Malaysia’s total local currency bonds outstanding: RM1 trillion

20
799

Malaysia’s total local currency bonds outstanding stood at RM994bn (US$314bn) at 30 June 2013, the highest in the Asean region.

East Asia bond capitalisation Sept 2013

That’s a 6.4 per cent rise from last year though 0.2 per cent lower than the end-of-first quarter 2013.

A bond is paper issued by a borrower, whether the government, GLCs or private firms, with a promise to pay periodic interest and to repay the face value upon maturity. The terms of payment depend on how investors view the offer, the risk involved and the country’s economic climate – a view also shaped by rating agencies.

Out of this RM994bn bonds outstanding, the corporate sector accounts for RM406bn or US$128bn. Here are the top 30 outstanding corporate bonds in Malaysia. Note that four out of the top five issuers are state-owned.

Outstanding bonds from corporate issuers 30 Sept 2013

Meanwhile, the central government accounts for RM459bn (US$145bn) or 77 per cent of the the total government bonds outstanding of RM588bn. This is a 10 per cent increase from the previous year. Moody’s Investors Service has an A3 rating for government bonds.

Banks and other financial institutions are the largest holders (42 per cent) of government debt at the end of the first quarter of 2013. Foreign investors hold 31 per cent of outstanding government bonds, while social security institutions like the EPF hold 20 per cent. Social security institutions also hold 10 per cent of corporate bonds.

When compared to the size of our economy, our bond market comes up to 105.3 per cent of GDP, still the highest in Asean and higher than Hong Kong’s or even China’s.

READ MORE:  Najib’s disastrous legacy: Suffocating federal government debt

bond capitalisation in east asia

Source of tables: Asian Bond Monitor, September 2013, ADB Bank.

Meanwhile, Malaysia’s central bank has sold RM2.5bn of 30-year bonds, the longest-maturity offering ever but foreign investors have stayed away, the Wall Street Journal has reported. “One concern among investors has been Malaysia’s debt. The country had $145 billion of local-currency government bonds outstanding—one of the highest levels in the region—as of June 30, according to the Asian Development Bank. Indonesia has $89 billion of outstanding government bonds, Thailand has $104 billion and Vietnam has $26 billion.”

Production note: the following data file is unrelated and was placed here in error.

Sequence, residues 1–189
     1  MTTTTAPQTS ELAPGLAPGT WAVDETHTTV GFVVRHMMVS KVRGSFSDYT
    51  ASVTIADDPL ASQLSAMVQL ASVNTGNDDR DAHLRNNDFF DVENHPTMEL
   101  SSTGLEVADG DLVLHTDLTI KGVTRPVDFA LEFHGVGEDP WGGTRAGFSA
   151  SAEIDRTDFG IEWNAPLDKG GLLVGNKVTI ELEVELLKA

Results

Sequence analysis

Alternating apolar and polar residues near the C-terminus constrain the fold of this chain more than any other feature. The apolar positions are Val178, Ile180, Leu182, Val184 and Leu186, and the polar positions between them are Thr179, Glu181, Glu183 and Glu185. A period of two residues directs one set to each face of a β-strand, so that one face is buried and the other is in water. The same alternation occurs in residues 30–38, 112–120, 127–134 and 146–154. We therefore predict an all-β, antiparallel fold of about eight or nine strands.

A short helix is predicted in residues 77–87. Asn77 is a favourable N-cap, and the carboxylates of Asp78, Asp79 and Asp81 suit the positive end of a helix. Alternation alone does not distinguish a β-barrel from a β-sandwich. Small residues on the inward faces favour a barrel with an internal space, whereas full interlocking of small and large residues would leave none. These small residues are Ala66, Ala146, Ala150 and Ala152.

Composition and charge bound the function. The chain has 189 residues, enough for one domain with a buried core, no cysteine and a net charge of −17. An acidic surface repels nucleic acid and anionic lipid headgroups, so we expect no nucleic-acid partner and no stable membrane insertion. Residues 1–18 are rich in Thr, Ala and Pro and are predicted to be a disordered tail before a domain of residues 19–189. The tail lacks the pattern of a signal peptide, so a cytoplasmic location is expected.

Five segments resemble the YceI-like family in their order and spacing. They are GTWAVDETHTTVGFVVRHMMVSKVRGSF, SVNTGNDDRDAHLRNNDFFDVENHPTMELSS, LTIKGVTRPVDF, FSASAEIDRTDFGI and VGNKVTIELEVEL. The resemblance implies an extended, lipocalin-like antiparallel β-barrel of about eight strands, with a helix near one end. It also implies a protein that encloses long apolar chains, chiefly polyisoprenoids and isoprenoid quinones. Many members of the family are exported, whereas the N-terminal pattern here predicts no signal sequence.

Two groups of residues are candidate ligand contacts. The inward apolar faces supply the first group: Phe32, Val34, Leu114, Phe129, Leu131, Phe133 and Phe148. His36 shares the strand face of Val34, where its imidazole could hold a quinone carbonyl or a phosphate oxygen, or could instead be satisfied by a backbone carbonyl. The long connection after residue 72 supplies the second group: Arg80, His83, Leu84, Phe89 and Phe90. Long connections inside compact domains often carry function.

Please help to support this blog if you can.

Read the commenting guidlelines for this blog.

20
Join the conversation

avatar
2000
16 Comment threads
4 Thread replies
0 Followers
 
Most reacted comment
Hottest comment thread
18 Comment authors
RajooColinZhang Zuo Dejim vongEd G Recent comment authors
  Subscribe  
newest oldest most voted
Notify of
Rajoo
Guest
Rajoo

BN wanted to introduced financial planning as a subject for school students.
I think it is more appropriate for BN politicians and civil servants to attend such course to stop unnecessary spending and wastage of public fund as uncovered in the AG’s Report.
They should lead by example.

Colin
Guest
Colin

Dear Anil thank you for this article. Could you enlighten us about who is holding all this debt? And what’s the annual yield? Coz if it’s 3%, Malaysia spends 30 billion ringgit on debt servicing. I’m very worried about something I read at KWSP/EPF’s Wikipedia page that states that 75% of all EPF funds are in debt papers. 75% of 569 billion ringgit is 420 billion. Is the EPF being looted to buy and hold all this debt? Another question please. You mentioned that our MGS is rated at A3. What’s the regular yield on an A3 paper in the… Read more »

Zhang Zuo De
Guest
Zhang Zuo De

Mr Jim Wong,

I agree with you. The borrowing angle is not totally correct.

Zuo De

jim vong
Guest

Dear Sir, Borrowing is good if properly and productively channeled and can be adequately repaid over time. Now if you look at the profile of the borrowers, most of the borrowers are probably politically privatised individuals of Government projects. The question of the borrowings is more an issue of why the privatisation of such a huge number of Government concessions to a few politically connected individuals rather than the issue of the borrowings itself. If the borrowers and their projects are to be further examined, it is clear that the purpose is for infrastructure development to create jobs. But privatisation… Read more »

Ed G
Guest
Ed G